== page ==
Can you talk about some of your favourite queer books and how they might bridge or illuminate the divisions that can exist among LGBTQ communities? 

My own favourite queer writing reflects the generation I was born in. I came out as a gay man in the late 1980s. I was 16, so fairly young. The scene I entered was exciting, friendly and still hedonistic but it was also scarred by the trauma of AIDS. Many of my favourite novels deal with this period and its aftershocks: Dancer from the Dance (Andrew Holleran), Ready to Catch Him Should He Fall (Neil Bartlett), The Farewell Symphony (Edmund White), Such Times (Christopher Coe). We may move on from those devastating times, but we must never, ever forget them. Novels like these remind and inform younger readers of the need for love, compassion and solidarity.

To look back further, though, Giovanni’s Room (Baldwin), Maurice (Forster) and Patricia Highsmith’s The Price of Salt (later published as Carol) are important, seminal texts which allow readers to consider the difficulties of negotiating love and sex in previous generations. Times may have changed, but the strategies employed in those novels can still illuminate those struggling through repression or difficulties today.

If readers are looking for more recent novels, then I’d recommend two recent works My Cat Yugoslavia and Crossing by Pajtim Statovci, Guapa by Saleem Haddad, Lie with Me by Philippe Besson and, especially, Tomasz Jedrowski’s Swimming in the Dark. The latter is a beautifully constructed debut novel set in 1980s Poland which interweaves past and present. At its heart is a very moving and realistic story of first, same-sex love. One of the key themes that the novel examines is the ability of some individuals to adapt and become complicit within the repressive society that they are born into and how others are unable to do so and resist in order to realize their true self and reach for personal happiness.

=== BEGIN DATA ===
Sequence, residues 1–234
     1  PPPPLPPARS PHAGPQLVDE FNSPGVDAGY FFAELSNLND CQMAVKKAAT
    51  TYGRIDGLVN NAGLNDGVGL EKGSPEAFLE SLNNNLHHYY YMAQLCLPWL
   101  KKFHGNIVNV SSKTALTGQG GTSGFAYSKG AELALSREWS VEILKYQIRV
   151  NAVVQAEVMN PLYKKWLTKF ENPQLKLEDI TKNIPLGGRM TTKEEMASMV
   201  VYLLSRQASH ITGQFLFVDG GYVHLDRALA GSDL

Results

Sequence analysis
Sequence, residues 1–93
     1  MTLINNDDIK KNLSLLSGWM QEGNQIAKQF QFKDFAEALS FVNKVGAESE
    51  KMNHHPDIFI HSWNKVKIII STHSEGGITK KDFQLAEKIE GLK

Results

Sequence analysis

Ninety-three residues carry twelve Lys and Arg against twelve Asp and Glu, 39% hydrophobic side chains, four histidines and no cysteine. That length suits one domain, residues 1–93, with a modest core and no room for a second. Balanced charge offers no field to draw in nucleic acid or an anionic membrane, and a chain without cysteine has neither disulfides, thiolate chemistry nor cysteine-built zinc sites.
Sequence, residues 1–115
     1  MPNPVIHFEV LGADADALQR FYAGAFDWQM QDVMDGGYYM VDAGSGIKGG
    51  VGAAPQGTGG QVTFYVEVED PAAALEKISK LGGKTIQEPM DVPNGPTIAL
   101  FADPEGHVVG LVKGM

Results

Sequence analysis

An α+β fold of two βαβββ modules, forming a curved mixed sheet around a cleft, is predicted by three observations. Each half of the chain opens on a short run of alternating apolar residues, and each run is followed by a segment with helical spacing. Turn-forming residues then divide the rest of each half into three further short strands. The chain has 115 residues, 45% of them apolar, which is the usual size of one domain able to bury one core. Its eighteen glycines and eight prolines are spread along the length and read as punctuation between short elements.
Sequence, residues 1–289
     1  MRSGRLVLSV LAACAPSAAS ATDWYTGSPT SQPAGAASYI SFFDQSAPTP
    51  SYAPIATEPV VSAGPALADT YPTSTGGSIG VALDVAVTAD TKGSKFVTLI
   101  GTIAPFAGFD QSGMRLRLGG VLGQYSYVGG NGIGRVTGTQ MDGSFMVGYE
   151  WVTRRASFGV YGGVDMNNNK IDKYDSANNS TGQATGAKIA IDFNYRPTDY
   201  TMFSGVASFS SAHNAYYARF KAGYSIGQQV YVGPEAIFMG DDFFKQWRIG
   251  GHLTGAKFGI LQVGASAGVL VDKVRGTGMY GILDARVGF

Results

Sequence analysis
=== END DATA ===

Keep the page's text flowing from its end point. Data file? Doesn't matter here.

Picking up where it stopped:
Elsewhere, I’m a huge fan of Deborah Levy. Her characters are often sexually fluid, and her works are often open-ended, allowing for multiple outcomes for the protagonists and pause for thought from the reader. The world Levy portrays in her works is a perplexing one which is always asking questions about both her characters and readers. Everything is gloriously tilted in Levy’s fictional landscapes. I’d recommend Hot Milk or her short story collection Black Vodka.